Efficient Multi-Core Implementation of the IPsec Encapsulating Security Payload Protocol for a Single Security Association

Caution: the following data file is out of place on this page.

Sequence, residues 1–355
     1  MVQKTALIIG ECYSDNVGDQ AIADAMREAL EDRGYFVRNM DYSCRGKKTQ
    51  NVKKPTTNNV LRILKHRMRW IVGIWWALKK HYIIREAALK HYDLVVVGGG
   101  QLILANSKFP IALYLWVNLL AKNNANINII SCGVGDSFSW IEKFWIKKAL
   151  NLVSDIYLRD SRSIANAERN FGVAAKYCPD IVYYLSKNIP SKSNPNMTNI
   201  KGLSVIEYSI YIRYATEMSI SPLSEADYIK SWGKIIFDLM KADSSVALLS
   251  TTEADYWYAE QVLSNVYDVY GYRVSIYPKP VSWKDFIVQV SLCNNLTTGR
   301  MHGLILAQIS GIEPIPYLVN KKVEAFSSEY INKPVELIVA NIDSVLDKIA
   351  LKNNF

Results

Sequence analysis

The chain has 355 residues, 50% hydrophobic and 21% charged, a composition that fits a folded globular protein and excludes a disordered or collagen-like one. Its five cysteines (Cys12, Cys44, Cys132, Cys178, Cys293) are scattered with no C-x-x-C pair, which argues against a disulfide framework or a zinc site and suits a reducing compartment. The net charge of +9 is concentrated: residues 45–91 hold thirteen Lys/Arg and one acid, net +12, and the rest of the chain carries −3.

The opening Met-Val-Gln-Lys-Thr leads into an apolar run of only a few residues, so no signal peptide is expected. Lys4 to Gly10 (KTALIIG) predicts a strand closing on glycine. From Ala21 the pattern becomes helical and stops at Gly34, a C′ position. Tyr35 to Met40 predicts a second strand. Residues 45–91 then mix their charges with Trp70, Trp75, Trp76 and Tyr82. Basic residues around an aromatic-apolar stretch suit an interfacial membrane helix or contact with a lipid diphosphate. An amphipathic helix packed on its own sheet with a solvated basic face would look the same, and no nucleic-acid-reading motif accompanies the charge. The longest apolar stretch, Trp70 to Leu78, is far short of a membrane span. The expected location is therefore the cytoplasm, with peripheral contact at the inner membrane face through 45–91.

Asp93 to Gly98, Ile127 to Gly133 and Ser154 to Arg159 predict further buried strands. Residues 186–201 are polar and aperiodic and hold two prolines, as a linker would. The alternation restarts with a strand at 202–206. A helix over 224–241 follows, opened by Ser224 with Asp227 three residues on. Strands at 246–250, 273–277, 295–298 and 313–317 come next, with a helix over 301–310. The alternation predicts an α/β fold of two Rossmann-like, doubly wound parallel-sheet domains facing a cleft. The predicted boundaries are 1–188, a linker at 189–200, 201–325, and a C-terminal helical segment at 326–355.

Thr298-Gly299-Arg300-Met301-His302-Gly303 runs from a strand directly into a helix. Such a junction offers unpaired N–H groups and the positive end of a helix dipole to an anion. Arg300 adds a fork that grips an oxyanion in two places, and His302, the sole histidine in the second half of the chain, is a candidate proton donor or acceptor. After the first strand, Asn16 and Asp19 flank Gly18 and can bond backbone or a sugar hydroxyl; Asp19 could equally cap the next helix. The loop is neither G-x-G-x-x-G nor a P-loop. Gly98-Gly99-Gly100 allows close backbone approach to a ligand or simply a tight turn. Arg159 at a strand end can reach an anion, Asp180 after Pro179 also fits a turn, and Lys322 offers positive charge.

Abstract: As the mobile Internet traffic increases, the workload of the base stations processing this traffic increases with it. To cope with this, the telecommunication providers responsible for the systems deployed in these base stations have looked to parallelism. This, together with the fact that these providers have a vested interest in protecting their users' data from potential attackers, means that there is a need for efficient parallel packet processing software which handles encryption as well as authentication. A well known protocol for encryption and authentication of IP packets is the Encapsulating Security Payload (ESP) protocol of the IPsec protocol suite. IPsec establishes simplex connections, called Security Associations (SA), between entities that wish to communicate. This thesis investigates a special case of this problem where the work of encrypting and authenticating the packets within a single SA is parallelized. This problem was investigated by developing and comparing two multi-threaded implementations based on the Eventdev, an event driven programming library, and ring buffer libraries of Data Plane Development Kit (DPDK). One additional Eventdev-based implementation was also investigated which schedules linked lists of packets, instead of single packets, in an attempt to reduce the overhead of scheduling packets to the worker cores. These implementations were then evaluated in terms of throughput, latency, speedup, and last level cache miss rates. The results showed that the ring buffer-based implementation performed the best in all metrics while the single packet-scheduling Eventdev-based implementation was outperformed by the one using linked lists of packets. It was shown that the packet generation, which was done by the receiving core, was the main limiting factor for all implementations. In addition, the memory resources such as the memory bus, memory controller and prefetching hardware were shown to likely be an area of contention and a possible bottleneck as the packet generation rate increases. The conclusion drawn from this was that a parallelized packet retrieval solution such as Receive Side Scaling (RSS) together with minimizing memory resource contention is necessary to further improve performance.
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